Top 7 reasons organisations are not adopting LCNC integration platforms

.......and how to mitigate risk when they finally do

Low-code/no-code (LCNC) platforms are disruptive to many facets of a business: from altering how applications are developed, to assisting start-ups in reaching the market faster, to altering the business model so that architects and developers require little to no training to get started and add value to the platform from a commercial standpoint.

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Our previous blog discussed the emergence of low-code as a solution to software obsolescence. We shared how traditional software engineering methods can no longer keep up with the required speed of innovation or the changing realities of work due to the rapid digital revolution. 

In this blog, we will focus on LCNC integration platforms adoption. How to mitigate risks by following best practices, since according to Gartner’s 2022 Hype Cycle for Cloud Platform Services, low-code application platforms will reach the plateau of productivity in less than two years. The Plateau of Productivity marks the point where the practical advantages of technologies are proven and widely recognised. In other words, a growing number of businesses are at ease with the lower levels of risk, and the adoption process enters its rapid development phase. 

LCNC adoption

As LCNC platforms continue to gain track, among Gartner’s predictions was that their revenue market was expected to reach $7.4 billion in 2022, a growth of 28.4% compared to the previous year. But as much as LCNC platforms pose many advantages by offering organisations a chance to speed up digital transformation, there is still some hesitation in their adoption. 

For the scope of this article, let’s focus on LCNC integration platforms. To start with, we have summed up some of the reasons why organisations are holding back from adopting LCNC integration platforms:

  • Resistance to change: Employees and developers may be especially resistant to adopting new technology that they feel can replace their labour.
  • Technical Skills: Even though LCNC platforms do not require extensive coding skills, they are still somewhat new and require analytical thinking; hence, the lack of technical skills among employees to use low-code platforms could hinder them.
  • Integration with existing systems: Low-code platforms may not have out-of-box tools to integrate seamlessly with existing systems, causing data migration issues and requiring specialised skills for such integrations.
  • Security concerns: Companies may have concerns about their data security in a low-code environment. How secure are they? Integration of secure code analysis into development workflows is a significant barrier. While creating new applications, the development tools offer static security code analysis reports based on the supplied source code. 
  • Cost: Low-code platforms may have upfront costs and ongoing expenses to be factored in. For example, once an LCNC platform has been selected, companies are basically ‘stuck’ with it and will not easily migrate to another if such a platform raises its prices. Or the fact that LCNC platforms are not using the same base architecture poses another risk. The depictions produced in one LCNC platform are typically not usable in another. Lastly, when a vendor stops supporting a platform, this poses a major threat to investment protection and may result in dead ends.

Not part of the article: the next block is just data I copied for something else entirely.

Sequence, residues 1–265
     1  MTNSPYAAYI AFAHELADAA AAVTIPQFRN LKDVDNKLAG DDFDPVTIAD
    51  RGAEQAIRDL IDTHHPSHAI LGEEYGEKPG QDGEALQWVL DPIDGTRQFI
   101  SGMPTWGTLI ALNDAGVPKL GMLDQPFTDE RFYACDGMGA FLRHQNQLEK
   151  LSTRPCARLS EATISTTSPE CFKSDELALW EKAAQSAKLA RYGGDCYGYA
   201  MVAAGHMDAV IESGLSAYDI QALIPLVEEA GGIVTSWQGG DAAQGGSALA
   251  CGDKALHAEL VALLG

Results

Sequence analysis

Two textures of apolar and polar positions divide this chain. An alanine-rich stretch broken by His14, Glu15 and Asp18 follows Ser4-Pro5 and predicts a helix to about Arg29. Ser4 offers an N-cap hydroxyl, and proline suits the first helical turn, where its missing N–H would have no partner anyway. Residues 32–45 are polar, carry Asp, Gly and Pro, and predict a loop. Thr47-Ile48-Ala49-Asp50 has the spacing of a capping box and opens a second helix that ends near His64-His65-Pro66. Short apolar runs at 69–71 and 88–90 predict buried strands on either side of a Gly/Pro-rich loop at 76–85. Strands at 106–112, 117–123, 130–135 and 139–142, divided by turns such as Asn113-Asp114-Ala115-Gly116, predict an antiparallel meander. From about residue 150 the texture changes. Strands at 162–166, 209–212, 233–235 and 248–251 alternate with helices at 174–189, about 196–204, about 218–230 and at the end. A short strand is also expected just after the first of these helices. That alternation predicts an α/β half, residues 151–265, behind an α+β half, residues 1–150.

• Customization limitations: Low-code platforms may have limitations regarding customisation options. At least at the start and as they further get developed.
  • Scalability: Companies may struggle to scale their low-code solutions as their needs grow, a big risk that companies must consider.

Mitigations: best practices

A Harvard Business Review article titled ‘How No-Code Platforms Can Bring AI to Small and Midsize Businesses’ describes the risk of implementing an LCNC on a broad level without seeing if it fits the organisation. By doing so, these tools may institutionalise the “shadow information technology (IT)" situation, which has plagued IT firms for decades and might get much worse if not properly managed.

So, how do you properly manage them? We already mentioned the top 7 reasons organisations are not adopting LCNC integration platforms, but how should they mitigate the risks when they finally do?

  • Resistance to change: Involving stakeholders early in the implementation process can help them feel invested in the project and more likely to support the change. Monitoring performance to improve the platform based on user feedback continuously will also help ensure that the platform meets their needs and remains relevant over time.
  • Technical skills: Vendor tools do not have a universal programming model; hence, it is fragmented. Citizen developers do not have programming experience but are expected to apply their domain knowledge to build long-lasting applications on systems that are implemented and run entirely on software and rely on the underlying hardware to provide necessary resources. However, this can be mitigated by implementing standardisation, centralised governance, integration, documentation, training, and support. 

In addition, you can outsource your integrations for experts to build and maintain them or build them so you can maintain them easily on the cloud.

  • Integration: Integrating LCNC platforms with other software systems and tools can help improve the technology landscape's overall cohesion. Detailed and precise documentation is crucial for the success of an integration. The lack of documentation can make it difficult for others to work with the integration, leading to confusion and delays.